Pairwise multiple comparisons are easy to compute using SAS Proc GLM. The basic statement is: means effects / options; Here, means is the statement in...

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ALPHA = p BON DUNCAN DUNNETT <(formatted-control-value)> DUNNETTL <(formatted-control-value)> DUNNETTU <(formatted-control-value)> LSD SCHEFFE SNK TUKEY WALLER

Using the Lettuce data, Fisher’s LSD procedure is specified as follows: options ls = 80; Title "Analysis of the Lettuce Heads Data"; title2 "With LSDs for Pairwise Comparisons"; data Lettuce; input Heads Fertilizer @@; cards; 104 0 114 0 90 0 140 0 134 50 130 50 144 50 174 50 146 100 142 100 152 100 156 100 147 150 160 150 160 150 163 150 131 200 148 200 154 200 163 200 ; proc glm data = Lettuce; class Fertilizer; model Heads = Fertilizer; means Fertilizer / LSD; run;

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Assessing Model Assumptions Using SAS Residuals are key elements for assessing model assumptions. Residuals are constructed as follows: . Here, Yit represents the response for the jth observation on the ith treatment and

the estimated mean for

th

the i treatment. Assessing constant variance can be performed by plotting the residuals against either the treatment levels or the treatment means. In addition, Levene’s test can be constructed using a little creative programming. Assessing the assumption of normality can be performed by constructing a normal probability plot or running formal test of hypothesis, such as the Anderson-Darling test. Both of these approaches are implemented by SAS Proc Univariate. As an example of these methods, consider the following experiment and data: Example: Seventy-eight (78) male workers were assigned at random to six different groups so that 13 were in each group. After training in a specific task, the pulse rate was measured for 20 seconds. Unfortunately, some (10) individuals withdrew from the experiment before their training was complete. The data from this experiment, along with some summary statistics are reproduced in the following table: Group 1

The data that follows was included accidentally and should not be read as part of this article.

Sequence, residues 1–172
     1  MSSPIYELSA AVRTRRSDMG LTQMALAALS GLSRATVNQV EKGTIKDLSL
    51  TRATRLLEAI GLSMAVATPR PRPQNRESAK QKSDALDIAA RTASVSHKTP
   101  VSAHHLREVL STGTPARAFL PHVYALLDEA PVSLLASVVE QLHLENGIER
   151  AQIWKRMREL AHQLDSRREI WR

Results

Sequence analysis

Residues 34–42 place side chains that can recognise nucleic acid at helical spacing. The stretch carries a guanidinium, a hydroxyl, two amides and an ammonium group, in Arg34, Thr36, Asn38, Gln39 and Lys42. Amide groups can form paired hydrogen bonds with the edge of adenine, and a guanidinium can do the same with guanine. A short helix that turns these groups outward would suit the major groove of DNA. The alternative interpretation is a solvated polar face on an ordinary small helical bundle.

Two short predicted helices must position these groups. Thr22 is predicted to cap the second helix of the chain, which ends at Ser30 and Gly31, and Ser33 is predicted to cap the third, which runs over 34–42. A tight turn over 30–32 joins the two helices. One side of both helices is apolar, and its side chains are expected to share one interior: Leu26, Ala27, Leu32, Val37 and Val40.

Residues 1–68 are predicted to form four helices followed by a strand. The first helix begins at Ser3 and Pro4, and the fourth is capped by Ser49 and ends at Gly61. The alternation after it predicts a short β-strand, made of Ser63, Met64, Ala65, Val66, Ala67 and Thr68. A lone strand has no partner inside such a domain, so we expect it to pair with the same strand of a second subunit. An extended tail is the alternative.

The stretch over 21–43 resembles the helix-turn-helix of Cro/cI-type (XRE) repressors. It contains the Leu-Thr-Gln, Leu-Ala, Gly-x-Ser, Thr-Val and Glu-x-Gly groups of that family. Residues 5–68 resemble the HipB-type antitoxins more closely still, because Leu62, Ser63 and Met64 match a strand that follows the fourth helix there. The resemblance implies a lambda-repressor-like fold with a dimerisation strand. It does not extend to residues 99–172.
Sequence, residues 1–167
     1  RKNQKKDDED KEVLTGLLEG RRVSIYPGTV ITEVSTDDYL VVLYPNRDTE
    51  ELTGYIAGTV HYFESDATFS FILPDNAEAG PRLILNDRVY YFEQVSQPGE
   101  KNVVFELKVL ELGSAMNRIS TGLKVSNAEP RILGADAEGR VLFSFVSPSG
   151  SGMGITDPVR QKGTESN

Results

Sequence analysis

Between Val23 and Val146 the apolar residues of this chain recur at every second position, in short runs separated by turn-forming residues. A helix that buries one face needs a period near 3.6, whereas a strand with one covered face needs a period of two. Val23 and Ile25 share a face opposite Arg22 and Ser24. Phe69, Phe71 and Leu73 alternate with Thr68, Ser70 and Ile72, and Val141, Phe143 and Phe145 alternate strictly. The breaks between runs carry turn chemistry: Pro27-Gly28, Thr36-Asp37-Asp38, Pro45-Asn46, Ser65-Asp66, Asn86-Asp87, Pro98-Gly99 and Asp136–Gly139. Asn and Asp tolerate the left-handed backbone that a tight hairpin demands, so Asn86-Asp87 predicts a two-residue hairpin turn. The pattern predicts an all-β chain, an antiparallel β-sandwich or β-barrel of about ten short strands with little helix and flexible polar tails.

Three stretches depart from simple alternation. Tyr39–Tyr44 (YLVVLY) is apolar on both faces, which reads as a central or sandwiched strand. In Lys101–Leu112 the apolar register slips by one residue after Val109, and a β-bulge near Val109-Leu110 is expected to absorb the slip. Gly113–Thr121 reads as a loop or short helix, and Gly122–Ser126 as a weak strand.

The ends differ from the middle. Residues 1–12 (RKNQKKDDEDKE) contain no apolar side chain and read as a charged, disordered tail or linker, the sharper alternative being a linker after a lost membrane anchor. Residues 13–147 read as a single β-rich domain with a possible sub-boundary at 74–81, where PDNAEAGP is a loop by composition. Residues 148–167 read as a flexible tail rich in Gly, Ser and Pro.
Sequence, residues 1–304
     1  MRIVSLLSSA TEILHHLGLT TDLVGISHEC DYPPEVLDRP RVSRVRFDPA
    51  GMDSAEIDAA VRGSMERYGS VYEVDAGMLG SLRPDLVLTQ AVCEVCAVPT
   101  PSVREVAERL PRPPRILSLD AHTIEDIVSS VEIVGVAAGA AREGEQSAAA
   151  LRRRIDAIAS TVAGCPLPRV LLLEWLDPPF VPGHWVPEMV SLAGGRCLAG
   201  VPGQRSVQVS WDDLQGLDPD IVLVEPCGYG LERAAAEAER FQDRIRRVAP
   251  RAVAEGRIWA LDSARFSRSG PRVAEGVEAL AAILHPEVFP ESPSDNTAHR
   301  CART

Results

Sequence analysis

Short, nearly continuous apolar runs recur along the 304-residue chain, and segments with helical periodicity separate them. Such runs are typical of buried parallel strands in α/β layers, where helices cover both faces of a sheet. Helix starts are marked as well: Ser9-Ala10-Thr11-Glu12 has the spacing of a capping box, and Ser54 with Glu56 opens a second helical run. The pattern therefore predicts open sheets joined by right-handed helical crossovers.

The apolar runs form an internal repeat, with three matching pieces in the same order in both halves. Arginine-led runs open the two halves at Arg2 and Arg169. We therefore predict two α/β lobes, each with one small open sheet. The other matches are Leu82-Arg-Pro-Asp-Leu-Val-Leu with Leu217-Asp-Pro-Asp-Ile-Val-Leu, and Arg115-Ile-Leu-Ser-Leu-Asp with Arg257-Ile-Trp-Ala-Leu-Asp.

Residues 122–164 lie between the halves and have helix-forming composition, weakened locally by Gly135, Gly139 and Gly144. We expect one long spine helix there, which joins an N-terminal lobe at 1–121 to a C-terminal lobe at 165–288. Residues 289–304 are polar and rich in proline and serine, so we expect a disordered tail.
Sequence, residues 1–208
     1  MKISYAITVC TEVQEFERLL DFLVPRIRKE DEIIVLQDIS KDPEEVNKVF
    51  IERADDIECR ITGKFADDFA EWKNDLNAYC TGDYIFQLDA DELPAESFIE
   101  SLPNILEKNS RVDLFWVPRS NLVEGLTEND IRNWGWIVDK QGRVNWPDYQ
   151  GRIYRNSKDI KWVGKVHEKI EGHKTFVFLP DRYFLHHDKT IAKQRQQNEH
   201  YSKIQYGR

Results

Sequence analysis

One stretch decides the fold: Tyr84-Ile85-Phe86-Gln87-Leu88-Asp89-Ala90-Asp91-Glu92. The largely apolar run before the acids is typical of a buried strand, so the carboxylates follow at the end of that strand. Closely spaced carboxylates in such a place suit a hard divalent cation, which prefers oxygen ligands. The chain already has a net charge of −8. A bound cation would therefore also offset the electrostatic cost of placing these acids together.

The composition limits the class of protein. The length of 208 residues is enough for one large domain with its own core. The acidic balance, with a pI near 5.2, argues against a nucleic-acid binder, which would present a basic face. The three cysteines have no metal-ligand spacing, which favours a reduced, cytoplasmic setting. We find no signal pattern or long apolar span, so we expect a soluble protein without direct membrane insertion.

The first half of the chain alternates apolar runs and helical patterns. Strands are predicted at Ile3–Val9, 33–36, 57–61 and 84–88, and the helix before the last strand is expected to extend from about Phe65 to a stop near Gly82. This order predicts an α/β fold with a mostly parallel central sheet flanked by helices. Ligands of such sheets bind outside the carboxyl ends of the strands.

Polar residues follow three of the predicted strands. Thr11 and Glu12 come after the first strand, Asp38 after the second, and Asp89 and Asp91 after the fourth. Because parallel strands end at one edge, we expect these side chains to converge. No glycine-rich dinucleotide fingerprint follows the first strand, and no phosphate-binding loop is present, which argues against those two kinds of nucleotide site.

2

3

4

5

6

27 31 26 32 39 37 38 39 30 28 27 27 34

29 28 37 24 35 40 40 31 30 25 29 25

34 36 34 41 30 44 44 32 32 31

34 34 43 44 40 47 34 31 45 28

28 28 26 35 31 30 34 34 26 20 41 21

28 26 29 25 35 34 37 28 21 28 26

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The SAS code for running the ANOVA and extracting the residuals using Proc GLM are provided below. Also included in the program code are the methods of using Proc Univariate to extract the normal probability plot and the Anderson-Darling test for normality. Lastly, a second Proc GLM analysis is performed to produce Levene’s test for equality of the variances. options pageno = 1; title "Analysis of Pulse Rate for 6 Treatment Groups"; data task; input pulse group @@; cards; 27 1 29 2 34 3 34 4 28 5 28 6 31 1 28 2 36 3 34 4 28 5 26 6 26 1 37 2 34 3 43 4 26 5 29 6 32 1 24 2 41 3 44 4 35 5 25 6 39 1 35 2 30 3 40 4 31 5 35 6 37 1 40 2 44 3 47 4 30 5 34 6 38 1 40 2 44 3 34 4 34 5 37 6 39 1 31 2 32 3 31 4 34 5 28 6 30 1 30 2 32 3 45 4 26 5 21 6 28 1 25 2 31 3 28 4 20 5 28 6 27 1 29 2 41 5 26 6 27 1 25 2 21 5 34 1 ; proc print data = task; run; title2 "Analysis of Variance for Raw Data"; proc glm data = task; class group; model pulse = group; output out = new r = residuals; run; title2 "Residual Plot for the Raw Data"; proc plot data = new; plot residuals*group; run; data task; set task; if group = 1 then z = abs(pulse - 31); if group = 2 then z = abs(pulse - 29.5); if group = 3 then z = abs(pulse - 34); if group = 4 then z = abs(pulse - 37); if group = 5 then z = abs(pulse - 29); if group = 6 then z = abs(pulse - 28); run; title2 "Levenes Test for Equality of Variances - Raw Data"; title3 "Analysis of Variance for Median Based Residuals"; proc glm data = task; class group; model z = group; run; title2 "Assessing the Assumption of Normal Residuals"; title3 "Using the Normal Probability Plot and the Wilk's-Shapiro Test"; proc univariate data = new normal plot; var residuals; run;

The above SAS code can be found on the STAT 512 web page in a document titled “SAS_Pulse_Example.txt.” To extract this code, open the document, copy the code to the clipboard and paste in the SAS editor.

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Analysis of a Completely Randomized Design with a Two-way Treatment Structure Example An experiment was carried out to study the effects of two factors (Time of Bleeding: morning or afternoon, and Diethylstilbestrol: with or without) on plasma phospholipid in lambs. Five lambs were assigned at random to each of the four possible treatment groups and plasma levels of phospholipid subsequently measured. Unfortunately, two of the lambs died before the experiment could be completed. The data from this experiment are as follows:

Time of Bleeding

No

Diethylstilbestrol Yes

Marginal Means

A.M.

P.M.

Marginal Means

8.53 12.53 14.00 10.80 (11.465)

39.14 26.20 31.33 45.80 40.20 (36.534)

24.00

17.53 21.07 20.80 17.33 20.07 (19.360)

23.80 28.87 25.06 29.33 (26.765)

23.06

15.41 or 15.85

31.65 or 32.19

23.53 or 24.02

or 25.39

or 22.65